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Once you have exhausted the witness’ knowledge regarding their knowledge of the subject matter of the dispute, filled in the gaps, and created usable testimony by gaining recapitulation and are about to conclude the deposition, you want to do all that you can to make sure the witness cannot later change testimony without looking biased or lacking in veracity.  Consider asking the following questions which will provide you with some good testimony in the event the witness attempts to materially change his or her testimony at the time of trial:

  • Witness, do you agree that I have given you every opportunity to tell me what you want the court to know about the incident leading to this suit?
  • Do you agree that you have given me truthful testimony today?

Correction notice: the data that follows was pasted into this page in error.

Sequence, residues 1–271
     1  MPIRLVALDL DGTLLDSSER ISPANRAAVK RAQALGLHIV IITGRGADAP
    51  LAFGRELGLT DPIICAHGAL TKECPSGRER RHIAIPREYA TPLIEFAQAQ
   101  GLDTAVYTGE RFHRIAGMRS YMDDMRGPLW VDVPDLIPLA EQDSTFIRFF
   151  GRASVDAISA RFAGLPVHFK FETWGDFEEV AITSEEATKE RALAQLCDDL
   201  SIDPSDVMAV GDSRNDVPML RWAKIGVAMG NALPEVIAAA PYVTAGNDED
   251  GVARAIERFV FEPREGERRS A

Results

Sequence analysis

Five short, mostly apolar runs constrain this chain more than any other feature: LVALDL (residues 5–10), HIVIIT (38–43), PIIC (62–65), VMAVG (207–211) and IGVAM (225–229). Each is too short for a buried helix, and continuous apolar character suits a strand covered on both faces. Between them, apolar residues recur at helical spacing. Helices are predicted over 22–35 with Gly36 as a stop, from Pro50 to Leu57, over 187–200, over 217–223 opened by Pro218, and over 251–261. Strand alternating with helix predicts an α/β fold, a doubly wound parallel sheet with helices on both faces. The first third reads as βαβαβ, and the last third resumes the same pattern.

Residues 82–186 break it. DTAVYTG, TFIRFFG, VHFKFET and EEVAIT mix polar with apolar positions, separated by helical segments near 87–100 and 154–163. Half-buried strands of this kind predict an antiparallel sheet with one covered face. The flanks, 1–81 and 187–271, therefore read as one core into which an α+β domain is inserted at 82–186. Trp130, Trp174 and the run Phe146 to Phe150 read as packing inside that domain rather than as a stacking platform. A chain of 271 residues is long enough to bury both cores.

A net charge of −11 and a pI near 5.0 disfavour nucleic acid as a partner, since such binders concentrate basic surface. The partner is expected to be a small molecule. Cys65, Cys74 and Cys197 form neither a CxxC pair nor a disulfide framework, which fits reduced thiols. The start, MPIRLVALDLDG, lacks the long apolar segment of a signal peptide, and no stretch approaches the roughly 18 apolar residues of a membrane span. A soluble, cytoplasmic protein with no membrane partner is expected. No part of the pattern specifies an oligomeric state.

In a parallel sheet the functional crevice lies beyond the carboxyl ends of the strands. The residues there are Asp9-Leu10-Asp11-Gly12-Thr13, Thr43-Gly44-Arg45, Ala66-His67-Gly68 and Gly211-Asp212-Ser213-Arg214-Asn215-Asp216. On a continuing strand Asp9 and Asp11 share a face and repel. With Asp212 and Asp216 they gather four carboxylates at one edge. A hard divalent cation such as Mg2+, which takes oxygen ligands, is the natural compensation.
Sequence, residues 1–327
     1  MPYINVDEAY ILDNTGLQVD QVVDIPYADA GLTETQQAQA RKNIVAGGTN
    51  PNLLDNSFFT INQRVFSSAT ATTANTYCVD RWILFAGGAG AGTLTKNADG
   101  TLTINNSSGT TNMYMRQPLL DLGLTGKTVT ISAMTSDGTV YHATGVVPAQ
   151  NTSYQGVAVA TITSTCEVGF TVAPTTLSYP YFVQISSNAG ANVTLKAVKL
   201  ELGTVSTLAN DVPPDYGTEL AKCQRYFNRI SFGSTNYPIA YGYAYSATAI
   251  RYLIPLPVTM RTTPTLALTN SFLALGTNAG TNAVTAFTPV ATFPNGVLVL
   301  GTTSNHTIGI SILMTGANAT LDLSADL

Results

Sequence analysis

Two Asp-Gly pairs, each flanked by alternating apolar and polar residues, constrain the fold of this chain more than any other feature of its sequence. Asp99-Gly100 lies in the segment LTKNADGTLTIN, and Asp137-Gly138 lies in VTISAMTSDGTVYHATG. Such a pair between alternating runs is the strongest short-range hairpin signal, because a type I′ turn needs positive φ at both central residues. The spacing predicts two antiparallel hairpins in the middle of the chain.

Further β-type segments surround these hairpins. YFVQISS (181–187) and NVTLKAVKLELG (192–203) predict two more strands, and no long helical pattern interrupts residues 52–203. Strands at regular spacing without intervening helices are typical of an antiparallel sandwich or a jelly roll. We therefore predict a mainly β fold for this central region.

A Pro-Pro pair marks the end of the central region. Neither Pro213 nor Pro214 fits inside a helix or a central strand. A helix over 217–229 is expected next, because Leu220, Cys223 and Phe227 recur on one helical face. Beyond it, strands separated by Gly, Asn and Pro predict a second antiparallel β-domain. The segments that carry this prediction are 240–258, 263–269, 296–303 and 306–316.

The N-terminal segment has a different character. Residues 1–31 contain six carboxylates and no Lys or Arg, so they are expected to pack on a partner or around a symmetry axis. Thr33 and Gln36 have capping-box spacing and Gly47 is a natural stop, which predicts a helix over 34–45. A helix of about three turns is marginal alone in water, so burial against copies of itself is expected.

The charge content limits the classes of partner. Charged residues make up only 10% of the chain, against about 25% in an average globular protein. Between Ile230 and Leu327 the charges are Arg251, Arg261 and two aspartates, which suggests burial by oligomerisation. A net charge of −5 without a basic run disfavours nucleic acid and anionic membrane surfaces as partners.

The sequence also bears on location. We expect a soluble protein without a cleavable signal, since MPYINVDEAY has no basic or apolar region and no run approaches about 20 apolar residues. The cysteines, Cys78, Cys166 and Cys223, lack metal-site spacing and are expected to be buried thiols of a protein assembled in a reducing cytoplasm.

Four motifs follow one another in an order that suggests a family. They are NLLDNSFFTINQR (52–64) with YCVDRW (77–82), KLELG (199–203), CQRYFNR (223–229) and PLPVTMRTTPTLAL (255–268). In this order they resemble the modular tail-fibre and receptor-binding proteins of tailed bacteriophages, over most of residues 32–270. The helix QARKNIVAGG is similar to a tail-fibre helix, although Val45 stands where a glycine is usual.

• Is there anything that you think is important about the incidents related to this lawsuit that I have not asked you about?
  • If there is, please tell me about that now.
  • So, you have told me everything that you believe is important about this lawsuit?

Gaining this testimony will not prevent the witness from changing testimony, but it will allow you to highlight the fact that the witness didn’t think the “new” testimony was important at the time of the deposition, and allow you to argue that the trier of fact should discount the testimony for that reason.

About the Author

Jay Young is a Las Vegas, Nevada attorney. His practice focuses on business law, business litigation, and acting as an Arbitrator and Mediator.

Mr. Young can be reached at 702.667.4868 or at jay@h2law.com.